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Bamboo's touch of the exotic

The plant's classic lines move indoors, lending a garden motif that isn't floral. The look is geometric and contemporary.

January 17, 2008|Jake Townsend | Special to The Times

LIKE the palm tree, bamboo has become as much a part of the Southern California landscape as over-inflated lips. Now its influence is spreading from the garden to the indoors: furniture, wallpaper and tabletop pieces, all sporting bamboo's segmented stalks or graceful leaves as a design motif.

Whether shopping Target online (bamboo-print window decals for $19.95) or Geary's in Beverly Hills (a bamboo-shaped glass serving bowl for $9,500), shoppers are bound to find all manner of objects inspired by the plant.

"It retains an element of the exotic," says L.A. interior designer Peter Schifando. "It is something completely different -- it's not English and it's not French."

Bamboo's popularity in Western design can be traced back to the 1939-40 Golden Gate International Exposition in San Francisco, where the Pacific House ignited the first craze. Designed by architect William Merchant, the Pacific House featured an entire room decorated with bamboo in a celebration of what was dubbed "the Pacific arts." Soon after, Sunset Boulevard nightclubs such as the Mocambo and the Trocadero were decked out in this bamboo fantasia, and star designers such as Billy Haines and Tony Duquette began using bamboo in their work.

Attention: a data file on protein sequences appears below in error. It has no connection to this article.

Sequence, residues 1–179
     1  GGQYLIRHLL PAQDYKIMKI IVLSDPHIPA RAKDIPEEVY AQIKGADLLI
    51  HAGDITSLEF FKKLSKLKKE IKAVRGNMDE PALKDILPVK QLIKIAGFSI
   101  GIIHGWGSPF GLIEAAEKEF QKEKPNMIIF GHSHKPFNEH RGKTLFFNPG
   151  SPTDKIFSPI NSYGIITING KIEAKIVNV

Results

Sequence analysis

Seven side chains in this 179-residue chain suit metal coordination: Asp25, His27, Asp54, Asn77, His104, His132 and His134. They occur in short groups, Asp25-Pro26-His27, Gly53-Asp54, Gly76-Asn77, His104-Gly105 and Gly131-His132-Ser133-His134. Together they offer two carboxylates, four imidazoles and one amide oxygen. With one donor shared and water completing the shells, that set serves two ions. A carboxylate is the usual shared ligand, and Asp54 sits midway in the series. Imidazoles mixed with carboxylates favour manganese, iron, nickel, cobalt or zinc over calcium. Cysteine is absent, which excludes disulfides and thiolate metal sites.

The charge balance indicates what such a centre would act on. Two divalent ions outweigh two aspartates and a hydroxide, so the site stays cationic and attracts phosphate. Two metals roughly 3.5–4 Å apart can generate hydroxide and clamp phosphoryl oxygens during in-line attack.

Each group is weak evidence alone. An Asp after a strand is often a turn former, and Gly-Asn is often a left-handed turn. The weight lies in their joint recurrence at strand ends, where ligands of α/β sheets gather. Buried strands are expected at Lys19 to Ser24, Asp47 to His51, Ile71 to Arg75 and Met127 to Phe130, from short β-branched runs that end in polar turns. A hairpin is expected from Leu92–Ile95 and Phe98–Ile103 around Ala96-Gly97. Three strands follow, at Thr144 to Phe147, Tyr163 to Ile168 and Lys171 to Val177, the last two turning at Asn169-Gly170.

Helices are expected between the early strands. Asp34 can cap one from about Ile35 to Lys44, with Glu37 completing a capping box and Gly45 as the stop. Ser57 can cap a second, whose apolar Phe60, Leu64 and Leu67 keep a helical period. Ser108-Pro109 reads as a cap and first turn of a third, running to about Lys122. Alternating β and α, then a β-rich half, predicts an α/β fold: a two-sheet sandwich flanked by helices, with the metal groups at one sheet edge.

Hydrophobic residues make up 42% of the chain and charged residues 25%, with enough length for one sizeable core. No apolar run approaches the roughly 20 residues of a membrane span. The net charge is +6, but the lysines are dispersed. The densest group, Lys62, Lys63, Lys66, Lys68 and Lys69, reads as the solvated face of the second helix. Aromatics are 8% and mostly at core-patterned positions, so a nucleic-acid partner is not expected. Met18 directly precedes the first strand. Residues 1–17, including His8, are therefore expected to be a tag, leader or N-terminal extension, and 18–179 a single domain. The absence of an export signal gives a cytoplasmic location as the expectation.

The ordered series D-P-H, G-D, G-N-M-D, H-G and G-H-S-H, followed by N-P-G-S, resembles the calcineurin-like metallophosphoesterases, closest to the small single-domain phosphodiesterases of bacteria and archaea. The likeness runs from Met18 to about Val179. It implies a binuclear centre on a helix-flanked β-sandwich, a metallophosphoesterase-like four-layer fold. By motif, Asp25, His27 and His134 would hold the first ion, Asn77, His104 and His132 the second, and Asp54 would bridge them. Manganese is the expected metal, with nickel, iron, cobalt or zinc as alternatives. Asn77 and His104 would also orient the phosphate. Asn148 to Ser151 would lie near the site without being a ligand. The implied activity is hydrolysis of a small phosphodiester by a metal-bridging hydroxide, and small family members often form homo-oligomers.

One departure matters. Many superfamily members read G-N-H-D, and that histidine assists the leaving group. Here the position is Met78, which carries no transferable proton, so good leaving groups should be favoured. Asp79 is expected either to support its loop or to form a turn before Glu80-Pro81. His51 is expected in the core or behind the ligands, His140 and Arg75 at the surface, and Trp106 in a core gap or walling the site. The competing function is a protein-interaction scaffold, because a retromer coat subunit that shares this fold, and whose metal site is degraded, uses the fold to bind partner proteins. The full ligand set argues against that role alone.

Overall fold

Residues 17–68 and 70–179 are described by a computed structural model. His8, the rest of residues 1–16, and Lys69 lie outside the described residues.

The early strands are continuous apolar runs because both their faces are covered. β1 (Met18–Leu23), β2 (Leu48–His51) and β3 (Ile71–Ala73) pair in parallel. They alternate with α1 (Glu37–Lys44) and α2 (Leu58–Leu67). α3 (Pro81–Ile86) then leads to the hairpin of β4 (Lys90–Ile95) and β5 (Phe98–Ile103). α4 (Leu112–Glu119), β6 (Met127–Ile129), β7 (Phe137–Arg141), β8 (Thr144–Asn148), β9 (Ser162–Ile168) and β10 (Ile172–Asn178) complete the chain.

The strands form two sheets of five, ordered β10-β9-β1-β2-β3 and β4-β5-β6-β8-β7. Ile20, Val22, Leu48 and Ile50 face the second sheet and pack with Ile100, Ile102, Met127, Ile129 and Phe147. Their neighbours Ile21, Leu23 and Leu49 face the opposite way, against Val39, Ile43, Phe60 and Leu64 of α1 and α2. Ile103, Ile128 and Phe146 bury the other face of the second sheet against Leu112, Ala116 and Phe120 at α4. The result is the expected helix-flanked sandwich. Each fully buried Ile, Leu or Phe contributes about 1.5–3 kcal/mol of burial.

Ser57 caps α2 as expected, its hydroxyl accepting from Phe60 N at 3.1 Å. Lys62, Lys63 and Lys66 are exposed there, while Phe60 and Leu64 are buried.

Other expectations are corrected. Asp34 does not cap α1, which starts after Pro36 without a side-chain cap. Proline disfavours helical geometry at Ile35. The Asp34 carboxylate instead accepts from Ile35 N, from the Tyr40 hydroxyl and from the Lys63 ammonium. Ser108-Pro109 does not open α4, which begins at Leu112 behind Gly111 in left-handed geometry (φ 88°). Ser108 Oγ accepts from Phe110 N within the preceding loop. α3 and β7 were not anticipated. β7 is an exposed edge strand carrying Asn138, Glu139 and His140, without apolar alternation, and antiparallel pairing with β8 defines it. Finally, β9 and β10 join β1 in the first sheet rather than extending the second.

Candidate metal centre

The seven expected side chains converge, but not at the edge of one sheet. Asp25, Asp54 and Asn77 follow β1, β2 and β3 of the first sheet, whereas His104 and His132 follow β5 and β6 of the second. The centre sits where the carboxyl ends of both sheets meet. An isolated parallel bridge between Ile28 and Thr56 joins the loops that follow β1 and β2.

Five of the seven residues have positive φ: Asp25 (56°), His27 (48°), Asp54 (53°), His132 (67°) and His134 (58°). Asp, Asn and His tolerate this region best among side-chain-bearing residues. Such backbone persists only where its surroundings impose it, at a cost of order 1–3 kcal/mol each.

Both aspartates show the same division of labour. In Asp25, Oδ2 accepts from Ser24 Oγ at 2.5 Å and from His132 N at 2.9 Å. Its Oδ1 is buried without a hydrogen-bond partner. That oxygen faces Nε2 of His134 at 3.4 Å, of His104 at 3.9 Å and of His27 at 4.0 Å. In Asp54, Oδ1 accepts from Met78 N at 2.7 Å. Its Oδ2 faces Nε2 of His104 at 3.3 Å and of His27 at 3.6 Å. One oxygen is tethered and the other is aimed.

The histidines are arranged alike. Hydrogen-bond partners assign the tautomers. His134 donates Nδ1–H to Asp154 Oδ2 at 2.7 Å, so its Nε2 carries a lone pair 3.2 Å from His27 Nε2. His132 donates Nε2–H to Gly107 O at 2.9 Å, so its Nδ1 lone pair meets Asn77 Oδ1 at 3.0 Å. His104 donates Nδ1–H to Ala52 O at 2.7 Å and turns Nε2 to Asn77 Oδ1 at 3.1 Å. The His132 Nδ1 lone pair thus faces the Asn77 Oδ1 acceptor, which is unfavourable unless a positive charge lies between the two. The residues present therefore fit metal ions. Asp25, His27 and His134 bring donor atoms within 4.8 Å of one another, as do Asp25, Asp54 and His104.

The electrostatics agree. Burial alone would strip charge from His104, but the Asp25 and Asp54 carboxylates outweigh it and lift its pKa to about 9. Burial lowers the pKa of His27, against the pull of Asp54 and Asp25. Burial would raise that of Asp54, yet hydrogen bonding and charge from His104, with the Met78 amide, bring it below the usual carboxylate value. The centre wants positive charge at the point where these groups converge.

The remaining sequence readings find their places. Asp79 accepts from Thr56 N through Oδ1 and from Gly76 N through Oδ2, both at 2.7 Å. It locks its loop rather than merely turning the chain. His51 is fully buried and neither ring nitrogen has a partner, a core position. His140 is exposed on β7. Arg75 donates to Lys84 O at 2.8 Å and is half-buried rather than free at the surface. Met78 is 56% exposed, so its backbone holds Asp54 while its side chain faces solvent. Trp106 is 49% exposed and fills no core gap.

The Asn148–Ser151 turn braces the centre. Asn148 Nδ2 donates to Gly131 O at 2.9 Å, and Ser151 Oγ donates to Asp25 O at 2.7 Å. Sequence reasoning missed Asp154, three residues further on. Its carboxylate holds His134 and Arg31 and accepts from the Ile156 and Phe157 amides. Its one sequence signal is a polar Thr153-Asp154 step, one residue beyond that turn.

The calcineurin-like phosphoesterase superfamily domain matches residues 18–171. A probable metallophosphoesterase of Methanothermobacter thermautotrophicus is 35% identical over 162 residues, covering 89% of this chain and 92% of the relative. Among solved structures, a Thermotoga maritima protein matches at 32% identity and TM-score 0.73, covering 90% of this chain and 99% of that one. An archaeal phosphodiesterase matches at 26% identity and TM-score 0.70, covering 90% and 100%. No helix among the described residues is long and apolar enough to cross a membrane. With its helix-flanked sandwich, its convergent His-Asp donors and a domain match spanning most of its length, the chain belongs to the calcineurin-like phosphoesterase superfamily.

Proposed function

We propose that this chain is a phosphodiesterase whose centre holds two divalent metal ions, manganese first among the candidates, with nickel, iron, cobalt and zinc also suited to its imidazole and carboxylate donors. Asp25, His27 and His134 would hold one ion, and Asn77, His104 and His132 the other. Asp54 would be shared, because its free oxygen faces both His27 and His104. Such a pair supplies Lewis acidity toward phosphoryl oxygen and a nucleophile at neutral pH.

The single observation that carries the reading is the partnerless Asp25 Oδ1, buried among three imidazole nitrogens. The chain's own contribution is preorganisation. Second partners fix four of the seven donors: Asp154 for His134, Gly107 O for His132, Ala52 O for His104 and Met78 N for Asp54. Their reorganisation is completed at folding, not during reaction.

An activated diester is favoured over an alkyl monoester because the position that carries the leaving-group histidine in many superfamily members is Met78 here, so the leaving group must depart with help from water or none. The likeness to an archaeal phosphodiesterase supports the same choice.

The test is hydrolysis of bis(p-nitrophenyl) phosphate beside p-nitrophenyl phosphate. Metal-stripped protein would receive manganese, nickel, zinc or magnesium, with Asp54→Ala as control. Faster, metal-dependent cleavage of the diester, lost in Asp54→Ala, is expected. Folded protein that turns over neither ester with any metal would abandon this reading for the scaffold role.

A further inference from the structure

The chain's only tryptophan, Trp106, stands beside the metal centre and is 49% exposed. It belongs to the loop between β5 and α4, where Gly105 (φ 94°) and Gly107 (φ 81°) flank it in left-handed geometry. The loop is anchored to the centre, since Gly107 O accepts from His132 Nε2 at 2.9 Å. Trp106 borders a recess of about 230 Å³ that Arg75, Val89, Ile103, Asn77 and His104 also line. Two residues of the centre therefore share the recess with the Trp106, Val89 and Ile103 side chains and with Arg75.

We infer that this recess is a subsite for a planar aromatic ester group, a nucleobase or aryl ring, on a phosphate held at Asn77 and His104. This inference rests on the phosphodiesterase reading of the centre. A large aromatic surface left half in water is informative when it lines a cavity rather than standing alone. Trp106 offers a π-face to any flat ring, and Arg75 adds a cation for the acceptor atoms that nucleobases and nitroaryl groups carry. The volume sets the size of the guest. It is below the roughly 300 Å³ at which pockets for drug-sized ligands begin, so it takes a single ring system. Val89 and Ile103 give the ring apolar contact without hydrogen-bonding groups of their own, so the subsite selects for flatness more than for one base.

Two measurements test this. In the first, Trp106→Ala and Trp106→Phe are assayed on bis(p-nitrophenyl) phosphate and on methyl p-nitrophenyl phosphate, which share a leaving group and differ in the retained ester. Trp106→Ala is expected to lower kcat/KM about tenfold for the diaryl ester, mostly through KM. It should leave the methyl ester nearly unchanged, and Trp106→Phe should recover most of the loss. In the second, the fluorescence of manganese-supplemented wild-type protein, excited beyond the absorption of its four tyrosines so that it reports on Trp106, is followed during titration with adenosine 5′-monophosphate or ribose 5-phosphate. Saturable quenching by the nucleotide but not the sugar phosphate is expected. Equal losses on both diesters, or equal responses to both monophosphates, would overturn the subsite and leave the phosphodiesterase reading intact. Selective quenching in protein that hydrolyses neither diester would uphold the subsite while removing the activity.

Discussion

Stalwart examples of the motif include the lattice pattern found in Scalamandre's classic wallpaper and fabric patterns and countless Hollywood Regency-style reproductions found in shops throughout Los Angeles. Haines' decorating partner Ted Graber used a bamboo-print wallpaper based on an 18th century design at the White House, Schifando says. Haines' bamboo-inspired furniture could be found in the homes of clients such as Betsy Bloomingdale, and many pieces, including a leather and lacquer desk with a bamboo motif, are still manufactured by Schifando's Williams Haines Designs.

The look also can be found at Crate & Barrel, West Elm and other mass-market stores, often rendered in silver, resin and other modern materials. Some may credit the design's popularity to the green movement and bamboo's reputation as a hearty, renewable and versatile material, but there's clearly more at play.

"Bamboo is an inherently classic pattern that can work with almost any design style," says Dave DeMattei, president of Williams-Sonoma and its sister brands, Williams-Sonoma Home and West Elm. "It creates this amazing visual dichotomy of being both natural and graphic, organic and stylized. It's also natural without being floral, which means it's not confined to a feminine look. It's a timeless design that, because of its geometric pattern, continues to look contemporary."

Williams-Sonoma Home carries bamboo-themed lamps, side tables and accessories, many of which are modeled after early 19th century designs.

"The fine bamboo metalwork of La Maison Bagues, the French furniture company that has been around since the 1800s, is a favorite of our designers," DeMattei says, adding that Williams-Sonoma Home has always carried its painted bamboo chairs, whose fretwork backs are actually mahogany carved to look like bamboo. "They've always been quite popular."

One of the more creative riffs on the pattern: adhesive vinyl wall graphics from Blik, whose bamboo decals are among the firm's most popular.

"I think the tranquil nature of the bamboo design, and the fact that it is a graphic rendition of a natural form, appeals to people looking for a simple way to bring graphic design and color into a space," Blik President Scott Flora says, adding that some customers make the leaves look as though they're scattering in the breeze.

"You recognize the form immediately as an iconic representation of bamboo. It's familiar and bold."

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home@latimes.com

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